I write a lot about the power of routine as ritual, or taking our day-in, day-out practices and turning them into meaningful, intentional activities that enhance the overall quality of our lives. But what does that really mean? And how to we turn these rote activities into sacred practices? First, we have to understand the difference between routine and ritual.
According to the Oxford English Dictionary, routine is defined as “a sequence of actions regularly followed.” Pretty straight forward. It’s the stuff we do regularly without fail, whether they are good for us (waking up early to exercise before work) or bad (always hitting the vending machine at three in the afternoon). Some are more mundane: pay the rent at the first of the month, take your six-month visit to the dentist, get an oil and lube for your car.
We are so used to these things as basic parts of adult life that we never really think too hard about them, unless something is out of joint (not sure how you will pay your rent, a sketchy dentists, weird nosies coming from your car’s engine). Hell, our routines are so ingrained, we often zone out while caring from them. Have you ever driven home from work via the same rout you take every day and have no memory of the drive? That’s you on autopilot. Your routine is so second-nature you disconnect from the actual activity you’re doing.
The second definition of routine is equally telling. It defines it as “a set sequence in a performance such as a dance or comedy act.” So routine is not just a basic repetitive schedule, but something we perform, consciously or unconsciously. It’s all about how important we want people to see us. Running from one thing to the next practically shouts that we are so busy, so interesting, so important! It also broadcasts our values. Do you value squeezing in one more thing at work over finishing a few minutes early and leisurely heading home to enjoy some self-care? To you pack your weekends with activities and experiences, or do you create time to dally? Each decision shapes how we see ourselves and how others see us.
But these definitions of routine only take is so far. Only far enough to get us thinking about how we see ourselves and how we want others to see us, in fact. But what about what we want to feel, experience, and enjoy?
That’s where ritual comes it.
Ritual is about consciously, mindfully tending to our daily tasks, taking comfort in the familiarity and pleasure in how they ground and nurture us. We welcome in the healthy and the good and actively eliminate the life-diminishing and bad.
In order to do that, however, we have to change how we look at our day-in, day-out. It’s not a place we need to escape from (who hasn’t fantasized about running away to a distant land when life gets complicated or dreary?). It’s not a collection of minutes that fills our head until the real fun—a weekend, celebration, or happy event—can happen. It’s about finding joy in the life we create for ourselves one small, deliberate act at a time. I’m reminded of the Ten of Cups in the tarot here—the homey gratitude card that asks you to step back and appreciate all the simple magic of your life that you’ve worked hard to create.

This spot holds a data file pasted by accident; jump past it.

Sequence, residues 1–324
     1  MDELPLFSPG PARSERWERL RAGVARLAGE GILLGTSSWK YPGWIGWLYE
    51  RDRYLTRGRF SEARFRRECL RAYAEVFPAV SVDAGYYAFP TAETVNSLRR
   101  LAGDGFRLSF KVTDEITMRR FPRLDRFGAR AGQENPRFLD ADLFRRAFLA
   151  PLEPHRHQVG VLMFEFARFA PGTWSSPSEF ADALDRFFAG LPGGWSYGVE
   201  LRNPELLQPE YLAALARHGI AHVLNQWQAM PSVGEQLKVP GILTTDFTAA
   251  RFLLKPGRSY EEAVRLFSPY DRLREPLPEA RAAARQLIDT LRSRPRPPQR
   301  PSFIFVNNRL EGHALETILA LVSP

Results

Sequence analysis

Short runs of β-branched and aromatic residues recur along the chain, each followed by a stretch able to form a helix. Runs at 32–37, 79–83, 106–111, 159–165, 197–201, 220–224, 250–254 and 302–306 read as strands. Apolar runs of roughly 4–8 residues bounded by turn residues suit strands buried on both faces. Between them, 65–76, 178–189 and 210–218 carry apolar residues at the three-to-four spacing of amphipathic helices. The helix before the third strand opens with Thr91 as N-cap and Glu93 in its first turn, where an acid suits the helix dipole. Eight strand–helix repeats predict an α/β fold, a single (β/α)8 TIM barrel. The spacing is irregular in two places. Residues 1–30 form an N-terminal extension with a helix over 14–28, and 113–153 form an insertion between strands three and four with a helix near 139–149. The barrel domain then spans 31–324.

The first step to unplugging from rote activities—aka mindless routine—is to find enjoyment in the things we often perceive as One More Thing To Do. Celebrate chores, rather than dread them by turning them into rituals that help you unplug from your workday and reconnect with yourself. So I have to turn my compost—good. Dirt in my fingernails grounds me and feeding the worms connects me to nature. So I don't know what to cook for dinner—I 'll start with sautéing an onion and let my farm fresh ingredients speak to me. Taking the extra time to cook a healthy meal allows me to nourish my whole being and enjoy the sensuousness of sautéing vegetables. It allows me to slow down and reconnect to the deliciousness that is life. Throw in a jazz record and a glass of wine, and you've got the makings of a divine evening.
Now, doesn’t that sound lovely?
Each and every task becomes a devotional act to the energy I want to welcome into my life and an expression for gratitude for the abundance I have painstakingly cultivated. A celebration of my hard work and a deliberate conjuring of more good energy.
What routines will you transform into sacred rituals?
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